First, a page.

Knowledge-intensive services firms have an inherent constraint: as they grow revenues, so too, their costs grow in the same straight line trajectory. This is Linear Revenues.
Any unbilled hours are an instantly perishable asset in the services firm: you cannot warehouse time. No wonder services firms barely reach x1 revenues valuations, whereas cloud software firms regularly achieve x5 revenues valuations on exit. With this stark difference in mind, there is a compelling business case for knowledge-intensive services firms to consider Going Non-Linear.
From Analog to Digital
As a knowledge-intensive services firm you may be focused on marketing, IT services, legal, accounting, or management consulting. Whatever your specialisation is, taking the first steps towards Going Non-Linear is very clear: it's the journey from analog to digital.
In a recent Harvard Business Review article, entitled Putting Products Into Services, the author talks about how tech product firms, such as Google and Adobe achieve gross margins of 60-90%, whereas consultancies, law firms, ad agencies and other professional services firms struggle to achieve anything above 40%. Here, the argument calls for applying the power of 'algorithm-driven automation' and data analytics to productise services.
In this journey from analog billable hours to digital subscriptions from technology, knowledge-intensive services firms can apply Mutual Value Discovery to create technology from know-how and, crucially, validate the relevance to clients, by engaging them from day one in this process.
When client and firm come together in a Mutual Value Discovery, the key to enabling a digital outcome in short order is the selection of the right Platform. Conceptually, the Platform should be a number of layers of prebuilt business logic in the cloud, enabling subject matter experts, data scientists, user experience (UX) designers and software developers to come together to create a new product from know-how of the services firm.
In detail, this Platform may include emerging technologies: a choice of prebuilt business logic, sitting on top of robust cloud infrastructure. In turn, this underlying technology provides the Platform-as-a-Service (PaaS) and Infrastructure-as-a-Service (IaaS) layers, supporting what will become a Software-as-a-Service (SaaS) product outcome - typically delivered via desktop PC, tablet and smartphone user devices.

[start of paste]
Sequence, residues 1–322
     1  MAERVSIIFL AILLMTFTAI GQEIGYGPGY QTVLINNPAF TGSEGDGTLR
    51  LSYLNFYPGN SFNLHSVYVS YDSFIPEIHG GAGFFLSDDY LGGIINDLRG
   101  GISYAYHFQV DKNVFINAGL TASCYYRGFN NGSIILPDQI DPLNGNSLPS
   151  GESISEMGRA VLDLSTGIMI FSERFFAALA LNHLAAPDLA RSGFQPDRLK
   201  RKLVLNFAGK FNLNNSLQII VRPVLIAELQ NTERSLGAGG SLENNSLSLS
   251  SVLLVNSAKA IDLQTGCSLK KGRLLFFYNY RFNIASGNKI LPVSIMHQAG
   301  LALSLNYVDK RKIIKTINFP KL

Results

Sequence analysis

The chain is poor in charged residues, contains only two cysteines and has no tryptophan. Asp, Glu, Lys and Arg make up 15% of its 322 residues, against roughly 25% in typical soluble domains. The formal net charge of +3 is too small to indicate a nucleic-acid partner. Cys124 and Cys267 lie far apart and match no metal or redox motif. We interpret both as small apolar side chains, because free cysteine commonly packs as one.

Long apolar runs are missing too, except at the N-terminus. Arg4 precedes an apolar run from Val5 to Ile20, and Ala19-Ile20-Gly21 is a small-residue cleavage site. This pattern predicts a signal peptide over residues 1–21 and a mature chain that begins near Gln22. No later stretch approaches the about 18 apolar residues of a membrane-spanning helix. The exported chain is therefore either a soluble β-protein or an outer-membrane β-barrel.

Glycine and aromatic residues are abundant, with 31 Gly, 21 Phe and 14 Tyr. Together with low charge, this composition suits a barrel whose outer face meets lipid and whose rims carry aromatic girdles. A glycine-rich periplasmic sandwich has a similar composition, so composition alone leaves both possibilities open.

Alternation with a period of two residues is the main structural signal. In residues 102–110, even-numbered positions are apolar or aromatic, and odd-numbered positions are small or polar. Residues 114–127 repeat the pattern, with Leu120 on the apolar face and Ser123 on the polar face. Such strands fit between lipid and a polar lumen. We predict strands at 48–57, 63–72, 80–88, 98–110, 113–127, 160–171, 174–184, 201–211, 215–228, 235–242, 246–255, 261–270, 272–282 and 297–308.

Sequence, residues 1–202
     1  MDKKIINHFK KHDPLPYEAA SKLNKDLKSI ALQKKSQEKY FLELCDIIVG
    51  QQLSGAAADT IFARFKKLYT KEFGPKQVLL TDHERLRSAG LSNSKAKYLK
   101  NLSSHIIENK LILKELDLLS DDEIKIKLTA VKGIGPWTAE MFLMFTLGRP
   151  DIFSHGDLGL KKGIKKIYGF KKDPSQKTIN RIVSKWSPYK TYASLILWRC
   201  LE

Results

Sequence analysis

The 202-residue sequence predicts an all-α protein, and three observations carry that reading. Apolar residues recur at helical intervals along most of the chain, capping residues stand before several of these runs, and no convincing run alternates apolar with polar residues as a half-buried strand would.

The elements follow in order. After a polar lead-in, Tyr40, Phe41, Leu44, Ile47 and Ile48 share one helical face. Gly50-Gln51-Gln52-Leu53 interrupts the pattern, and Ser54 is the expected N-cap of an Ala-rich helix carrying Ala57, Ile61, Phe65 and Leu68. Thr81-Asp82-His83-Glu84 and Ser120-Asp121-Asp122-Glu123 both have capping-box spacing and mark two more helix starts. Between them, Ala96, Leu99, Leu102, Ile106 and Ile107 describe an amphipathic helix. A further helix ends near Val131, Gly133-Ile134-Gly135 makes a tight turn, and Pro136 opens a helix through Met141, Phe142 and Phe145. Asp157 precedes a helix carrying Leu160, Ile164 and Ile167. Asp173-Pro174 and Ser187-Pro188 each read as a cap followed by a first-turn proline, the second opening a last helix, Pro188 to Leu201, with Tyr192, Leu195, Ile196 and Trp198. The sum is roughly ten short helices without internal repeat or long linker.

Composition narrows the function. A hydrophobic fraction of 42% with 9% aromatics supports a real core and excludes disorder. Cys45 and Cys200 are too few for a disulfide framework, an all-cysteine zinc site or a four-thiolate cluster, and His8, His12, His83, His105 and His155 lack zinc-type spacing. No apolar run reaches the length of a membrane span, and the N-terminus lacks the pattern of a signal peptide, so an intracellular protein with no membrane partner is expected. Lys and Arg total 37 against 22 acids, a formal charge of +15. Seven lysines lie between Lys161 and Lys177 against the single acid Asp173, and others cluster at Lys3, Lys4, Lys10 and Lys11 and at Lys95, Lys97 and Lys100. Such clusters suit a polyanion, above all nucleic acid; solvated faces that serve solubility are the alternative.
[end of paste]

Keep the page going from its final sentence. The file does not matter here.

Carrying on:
This is now referred to as high performance application Platform-as-a-Service (hpaPaaS) by industry analysts Gartner, and as Low-Code Platforms by Forrester. What matters here is reusability of business logic, reduction of ground-up syntax coding - and leveraging a trusted cloud partner who operates at global scale, yet offers local data residency.
Going Non-Linear means either augmenting or even replacing services based on the billable people hours Pricing Model with scalable subscription fees, where price is aligned to measurable value outcomes. In practice, this needs detailed validation to be generated through creating a series of ROI Models for the Mutual Value Discovery engagement between the firm and would-be early adopter clients of this new productised service.
The Pricing Model could be a simple usage model - e.g. per user per month. However, it is likely that clients will increasingly insist on payment (or at least part-payment) for outcomes. This obviously presents an opportunity for knowledge-intensive services firms to disrupt business-as-usual offerings, where billable people hours are typically based on a time and materials consumed approach. The Mutual Value Discovery engagement will enable the right Pricing Model to emerge.
Next Steps ...
Going Non-Linear is easy to granulate into small, manageable steps for any knowledge-intensive services firm: digital agency, IT services, law firm, or management consultants. It starts with the first Mutual Value Discovery engagement: the firm and one or more friendly, would-be clients who instinctively know that there is a better alternative to the billable people hours business model.
It requires tech experts to join the process: insiders and outsiders who understand the latest Platforms and technology enablers - prebuilt AI, Blockchain, Big Data and Machine Learning tools and frameworks - plus underlying world-class PaaS and IaaS cloud ecosystems, such as Amazon Web Services, Google App Engine and Salesforce Heroku.
What follows is an iterative process: mapping human know-how to the the power of 'algorithm-driven automation' and data analytics to productise services. This is the pragmatic journey from analog to digital: and creating a win-win for clients and services firms alike.
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